106 Field Battery - Tardus et Definitus


 Welcome to the 5th edition of the Gunners Gallery - Published March 2012.

The first four editions of the Gunners Gallery have been archived and are still available to be veiwed by clicking the following links:

www.106secondtour.org/gunners_gallery_1st_ed.php (published September 2010)

www.106secondtour.org/gunners_gallery_2nd_ed.php (published October 2010)

www.106secondtour.org/gunners_gallery_3rd_ed.php (published February 2011)

www.106secondtour.org/gunners_gallery_4th_ed.php (published Apil 2011)

                                                                   DEVIL’S MARBLES
                                                                      by Roger Hall
      by David Drabble
It all started one night in the tent lines at the Battery’s position at The Dat.
While sitting around after work and tea one evening, Franc Edwards, Bill Walker and Dave Drabble were discussing how good it would be to be able to taste a good old Bakewell meat pie, some Samboy BBQ Chips and a few cold Swan lagers.
Of course, meat pies and potato chips never found their way to Vietnam and we all thought the Pogos at Vungers probably intercepted the Swan lager as it never seemed to reach The Dat.
We felt that we might be able to put some sort of begging to the relevant companies and see if they could find fit to send us over some goodies.
Now, we all know that Franc has really got some musical talent, Drabs is a fair to middling bullshit artist, and Bill, well he could come good with some sound effects and keep the beer up.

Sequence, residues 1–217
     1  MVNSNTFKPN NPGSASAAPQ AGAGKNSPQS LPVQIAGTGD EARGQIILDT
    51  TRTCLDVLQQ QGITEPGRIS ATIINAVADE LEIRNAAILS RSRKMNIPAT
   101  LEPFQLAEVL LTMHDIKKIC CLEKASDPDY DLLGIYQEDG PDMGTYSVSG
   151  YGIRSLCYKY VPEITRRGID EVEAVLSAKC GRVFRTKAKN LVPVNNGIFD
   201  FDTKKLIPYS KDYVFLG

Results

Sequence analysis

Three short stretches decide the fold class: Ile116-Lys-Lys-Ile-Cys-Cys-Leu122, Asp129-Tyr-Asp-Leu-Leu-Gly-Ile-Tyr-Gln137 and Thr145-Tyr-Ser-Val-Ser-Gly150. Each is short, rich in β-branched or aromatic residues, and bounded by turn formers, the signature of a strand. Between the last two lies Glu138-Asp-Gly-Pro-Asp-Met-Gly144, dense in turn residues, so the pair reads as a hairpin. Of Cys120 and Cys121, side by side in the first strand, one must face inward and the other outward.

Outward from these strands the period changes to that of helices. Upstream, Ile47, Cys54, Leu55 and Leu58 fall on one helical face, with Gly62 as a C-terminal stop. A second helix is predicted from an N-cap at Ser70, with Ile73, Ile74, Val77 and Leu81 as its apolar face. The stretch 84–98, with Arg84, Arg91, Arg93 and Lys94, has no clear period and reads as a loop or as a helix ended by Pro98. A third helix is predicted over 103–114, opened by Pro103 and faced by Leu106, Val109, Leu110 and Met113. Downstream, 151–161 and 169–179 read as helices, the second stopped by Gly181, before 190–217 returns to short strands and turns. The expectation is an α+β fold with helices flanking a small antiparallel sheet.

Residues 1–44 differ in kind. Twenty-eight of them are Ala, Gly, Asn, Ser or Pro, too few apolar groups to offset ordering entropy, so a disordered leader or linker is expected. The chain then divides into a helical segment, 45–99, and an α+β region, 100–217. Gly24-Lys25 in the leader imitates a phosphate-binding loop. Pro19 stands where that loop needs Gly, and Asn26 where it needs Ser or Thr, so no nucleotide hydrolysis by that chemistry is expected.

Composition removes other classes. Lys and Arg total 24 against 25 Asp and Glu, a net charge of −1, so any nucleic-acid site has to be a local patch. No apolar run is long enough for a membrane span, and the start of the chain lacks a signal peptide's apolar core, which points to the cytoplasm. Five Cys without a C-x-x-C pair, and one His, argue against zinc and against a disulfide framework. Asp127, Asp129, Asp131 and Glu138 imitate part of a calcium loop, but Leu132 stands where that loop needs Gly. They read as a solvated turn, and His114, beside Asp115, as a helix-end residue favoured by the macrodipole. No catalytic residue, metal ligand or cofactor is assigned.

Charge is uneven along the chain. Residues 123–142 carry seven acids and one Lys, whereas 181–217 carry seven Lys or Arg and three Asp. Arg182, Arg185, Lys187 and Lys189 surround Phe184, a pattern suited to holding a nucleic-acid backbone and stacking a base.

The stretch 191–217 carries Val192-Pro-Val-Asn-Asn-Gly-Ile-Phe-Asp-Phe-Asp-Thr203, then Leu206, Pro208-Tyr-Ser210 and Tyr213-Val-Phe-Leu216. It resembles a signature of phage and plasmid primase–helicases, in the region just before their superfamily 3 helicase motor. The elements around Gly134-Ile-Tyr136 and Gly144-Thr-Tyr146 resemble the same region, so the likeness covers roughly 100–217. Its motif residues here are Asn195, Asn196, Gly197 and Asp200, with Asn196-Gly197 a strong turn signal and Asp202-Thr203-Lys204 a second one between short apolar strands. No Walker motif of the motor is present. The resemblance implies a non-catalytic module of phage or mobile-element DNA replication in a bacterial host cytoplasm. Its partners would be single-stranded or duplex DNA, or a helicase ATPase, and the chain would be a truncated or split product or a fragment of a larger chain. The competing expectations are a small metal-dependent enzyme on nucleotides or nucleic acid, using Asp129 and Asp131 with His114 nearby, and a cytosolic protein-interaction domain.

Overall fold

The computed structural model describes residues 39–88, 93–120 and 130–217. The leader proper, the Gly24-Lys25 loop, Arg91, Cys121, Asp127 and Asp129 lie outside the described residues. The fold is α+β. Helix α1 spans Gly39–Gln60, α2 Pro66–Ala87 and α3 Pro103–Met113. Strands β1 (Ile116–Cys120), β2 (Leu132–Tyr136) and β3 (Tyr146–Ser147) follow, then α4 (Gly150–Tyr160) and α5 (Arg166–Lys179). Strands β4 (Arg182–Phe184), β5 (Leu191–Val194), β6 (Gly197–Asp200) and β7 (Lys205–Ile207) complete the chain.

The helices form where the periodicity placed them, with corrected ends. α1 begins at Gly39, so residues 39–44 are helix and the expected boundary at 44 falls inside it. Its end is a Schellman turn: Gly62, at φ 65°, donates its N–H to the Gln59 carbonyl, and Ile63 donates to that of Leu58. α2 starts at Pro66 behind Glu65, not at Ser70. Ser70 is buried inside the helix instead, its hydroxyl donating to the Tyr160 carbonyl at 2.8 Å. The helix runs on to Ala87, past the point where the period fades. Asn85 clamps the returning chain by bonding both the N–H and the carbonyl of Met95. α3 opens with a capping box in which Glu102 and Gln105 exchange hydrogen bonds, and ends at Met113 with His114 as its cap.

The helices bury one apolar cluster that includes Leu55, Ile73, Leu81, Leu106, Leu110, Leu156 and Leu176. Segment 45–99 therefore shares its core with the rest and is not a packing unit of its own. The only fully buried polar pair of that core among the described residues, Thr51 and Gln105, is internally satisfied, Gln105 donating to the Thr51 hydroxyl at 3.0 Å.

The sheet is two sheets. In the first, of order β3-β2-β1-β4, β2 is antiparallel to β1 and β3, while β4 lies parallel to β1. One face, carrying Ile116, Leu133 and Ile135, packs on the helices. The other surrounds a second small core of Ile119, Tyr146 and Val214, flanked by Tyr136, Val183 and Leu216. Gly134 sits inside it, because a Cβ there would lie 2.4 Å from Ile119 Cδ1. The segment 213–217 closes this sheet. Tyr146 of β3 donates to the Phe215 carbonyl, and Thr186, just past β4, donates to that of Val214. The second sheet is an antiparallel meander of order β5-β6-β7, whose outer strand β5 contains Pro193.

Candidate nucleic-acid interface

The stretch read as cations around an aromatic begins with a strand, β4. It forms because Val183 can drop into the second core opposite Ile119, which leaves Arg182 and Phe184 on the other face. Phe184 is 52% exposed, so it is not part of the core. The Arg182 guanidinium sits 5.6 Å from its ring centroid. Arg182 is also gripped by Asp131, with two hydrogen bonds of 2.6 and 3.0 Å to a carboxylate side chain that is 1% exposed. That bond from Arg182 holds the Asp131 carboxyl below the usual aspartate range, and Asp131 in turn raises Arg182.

So, the trio retired to the tent lines with the necessary refreshments, not very kosher by the way, but we were not sprung and Drabs proceeded to write the verses to send off to the companies, Franc played accompanying music on his guitar, sang the backing vocals, and Bill, well, he keep the beer flowing and when required, put his 2 bob’s worth in.
The ditties were recorded onto cassette tape for forwarding on to Swan Breweries, Bakewell pies and Samboy chips. Of course we all know the tapes were never forwarded and just fell into obscurity until resurrected about 12 months ago by Franc, got some air time on Queensland radio, and was heard by the Mrs Mac Pies people who were in fact the follow on from Bakewell pies.
The top man at Mrs Mac’s, Iain MacGregor (part of the family), got wind of all of this and interviews were done by The West Australian Newspapers and an article appeared, with the story in the paper.
None of the trio could make the interview so they were represented by Alan Johnston and Ron Fritchley.
To hear the original tapes click on the AUDIO link at the top or bottom of the page 

                                               WHERE MAN HAS BEEN
                                                  by Allan Hutcheson      

                                                   By Rob van Wageningen

    by Ric Liddelow
Autumn leaves, and so do I,
We have no place in mind.
The Butterflies when I make toast,
Each other they may find.
The clouds pass by, as I pass wind.
Wind always is so slow.
A Robin warbles in the tree,
A Bat-man Storks below.
The sun was rising in the East,
The yeast was rising fast.
Born and bread by fields of wheat,
Then loafing in the past.
The Wattle’s flirting with the bees,
What’ll bee? We’ll never know.
The wind doth drone, the rain doth sting,
But Drones are stingless so